Two in a Row for Rock Docs in Oscar Category

In the end, it may have been that much-lauded “The Act of Killing” was just a wee bit too radical for the Academy voters (see previous post), so for the second year in a row the statuette for best feature documentary went to a music film. The vivacious and lovable “20 Feet from Stardom” was probably as deserving a winner in what is by its very nature an apples-and-oranges competition. And thanks to the unstoppable Darlene Love, the acceptance “speech” turned into one of the night’s most memorable moments:

Ms. Love was a subject of the film and not one of the actual award winners, but when director Morgan Neville and the producers let her do her thing it could only help the already raised profile of a feelgood film that has connected with over 500,000 people in its theatrical release, great numbers for a documentary.

Exactly one year ago today, I began this blog by mentioning the recent Oscar win of “Searching for Sugar Man”, the second rock doc to win the award, the other being “Woodstock” way back in 1970. Now there are two in a row and there may be more to follow. The redemptive or belated-recognition pop music documentary has really taken off in recent years and will probably only get more popular as rock and roll’s golden age recedes ever into the past.

Sixto “Sugar Man” Rodriguez, whose luckless career as a singer-songwriter was salvaged by the unlikely admiration bestowed upon him decades later by countless South Africans or Darlene Love, whose ace lead vocals went uncredited on a #1 single in 1963 and who (along with many other studio vocalists) had to fight against forced anonymity and industry ill treatment, are just two of the better known examples of this mini-genre. “New York Doll” was when it first came to me as a distinct subset (in 2005) and there’s been many since then, with “Big Star: Nothing Can Hurt Me” and “Gene Clark: The Byrd Who Flew Alone” next up in my docket.

gravity

“Now it’s time to leave the capsule, if you dare”

I’ll leave the discussion of Hollywood’s big night to the 173 million other media outlets that hash it over. However, I was a tad disappointed that the science fiction genre was once again passed up as a legit contender for Best Picture. It was nice to see the visionary Alfonso Cuaron win for Best Director and in my mind was due one about seven years ago for the masterful “Children of Men.” But in the end “12 Years as a Slave” had more gravitas than “Gravity” (sorry) and already tedious idiomatic arguments about whether his nominated film was even science fiction or just a disaster film shot in outer space have sworn me off the subject for some time to come. Meanwhile, we have in Steve McQueen the first African-American director of a winning picture and how cool is that?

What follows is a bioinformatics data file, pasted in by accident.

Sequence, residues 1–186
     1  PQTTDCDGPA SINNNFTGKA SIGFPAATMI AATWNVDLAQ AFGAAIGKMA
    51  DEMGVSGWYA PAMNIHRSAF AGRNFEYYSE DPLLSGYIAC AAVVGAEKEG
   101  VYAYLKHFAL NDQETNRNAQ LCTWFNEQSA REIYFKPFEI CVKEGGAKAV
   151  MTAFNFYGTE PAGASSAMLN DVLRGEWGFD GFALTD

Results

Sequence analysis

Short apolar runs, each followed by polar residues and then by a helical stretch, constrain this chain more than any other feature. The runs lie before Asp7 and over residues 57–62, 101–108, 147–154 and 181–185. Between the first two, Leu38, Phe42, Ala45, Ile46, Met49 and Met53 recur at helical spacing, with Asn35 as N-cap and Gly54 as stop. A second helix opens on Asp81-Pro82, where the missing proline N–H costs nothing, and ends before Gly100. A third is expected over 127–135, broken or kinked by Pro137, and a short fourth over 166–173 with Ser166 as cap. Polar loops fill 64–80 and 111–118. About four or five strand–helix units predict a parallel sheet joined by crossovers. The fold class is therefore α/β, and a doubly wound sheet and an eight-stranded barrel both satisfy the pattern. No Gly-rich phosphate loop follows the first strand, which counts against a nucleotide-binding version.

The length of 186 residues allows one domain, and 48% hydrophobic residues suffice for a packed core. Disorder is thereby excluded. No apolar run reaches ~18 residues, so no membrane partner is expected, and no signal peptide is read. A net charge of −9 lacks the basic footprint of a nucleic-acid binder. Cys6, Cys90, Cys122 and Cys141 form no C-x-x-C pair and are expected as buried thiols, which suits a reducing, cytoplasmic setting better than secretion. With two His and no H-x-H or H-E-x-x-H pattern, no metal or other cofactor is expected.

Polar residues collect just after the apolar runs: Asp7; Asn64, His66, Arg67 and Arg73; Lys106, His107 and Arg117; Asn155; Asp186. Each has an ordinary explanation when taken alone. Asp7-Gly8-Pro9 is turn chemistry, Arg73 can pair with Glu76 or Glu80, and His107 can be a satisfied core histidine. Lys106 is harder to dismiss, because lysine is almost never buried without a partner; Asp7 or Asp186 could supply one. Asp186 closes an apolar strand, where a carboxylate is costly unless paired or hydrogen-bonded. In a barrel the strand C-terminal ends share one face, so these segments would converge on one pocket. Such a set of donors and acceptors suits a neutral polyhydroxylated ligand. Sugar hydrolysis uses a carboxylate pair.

Another good outcome was that “Wolf of Wall Street” came away empty-handed and so depraved felon Jordan Belfort, who somehow got his claws into Martin Scorcese, does not for the moment have any further reason to laugh in the faces of the American citizenry that he ripped off so unrepentantly. Here’s hoping that Marty can re-connect aesthetically with the human race in 2014 while documentarians the world over continue their quest for truth, justice and discovery.

(I found out my choice for best feature documentary Oscar–Jehane Noujaim’s “The Square”–did win that prize at the recent awards show of the International Documentary Association, so congrats. At the same event the great Alex Gibney, who made “Taxi to the Dark Side” and “The Armstrong Lie” among his over two dozen directorial eforts, won the IDA’s annual Lifetime Acheivement award).

Here’s a list of Academy Award-winning feature documentaries starting with Michael Wadleigh’s great Woodstock film 43 years ago:

1970—Woodstock
1971—The Hellstrom Chronicle
1972—Marjoe
1973—The Great American Cowboy
1974—Hearts and Minds
1975—The Man Who Skied Down Everest
1976—Harlan County, USA
1977—Who Are the DeBolts?
1978—Scared Straight
1979—Best Boy
1980—From Mao to Mozart
1981—Genocide
1982—Just Another Missing Kid
1983—He Makes Me Feel Like Dancin’
1984—The Times of Harvey Milk
1985—Broken Rainbow
1986—Artie Shaw: Time is All I Got and Down and Out in America (tie)
1987—The Ten Year Lunch
1988—Hotel Terminus
1989—Common Threads: Stories From the Quilt
1990—American Dream
1991—In the Shadow of the Stars
1992—The Panama Deception
1993—I Am a Promise
1994—Maya Lin: A Strong Clear Vision
1995—Anne Frank Rembered
1996—When We Were Kings
1997—The Long Way Home
1998—The Last Days
1999—One Day in September
2000—Into the Arms of Strangers
2001—Murder on a Sunday Morning
2002—Bowling for Columbine
2003—The Fog of War
2004—Born into Brothels
2005—March of the Penguins
2006—An Inconvenient Truth
2007—Taxi to the Dark Side
2008—Man on Wire
2009—The Cove
2010—Inside Job
2011—Undefeated
2012—Searching for Sugar Man

2 comments

  1. I was also quite pleased that “Wolf” did not take home any awards. I haven’t watched “The Act of Killing,” but based on the buzz it has generated, I was quite surprised when it didn’t win. Still, I am sure that “20 Feet from Stardom” is good in its own right, as you said.

    I’ve been avoiding “Gravity” because I thought it must be overrated. But you seemed to appreciate it a lot, so perhaps I should give it a chance?

    1. “Gravity” was amazing to watch but except for the suspense and danger there was not a lot of context there, so I’m not surprised “12 Years” won instead. But “Gravity” is definitely worth checking out. Would still like to see a sci-fi winner for Best Picture one of these days. And yeah, now that the Oscars are over I’m hoping “Wolf” will quickly fade into obscurity…

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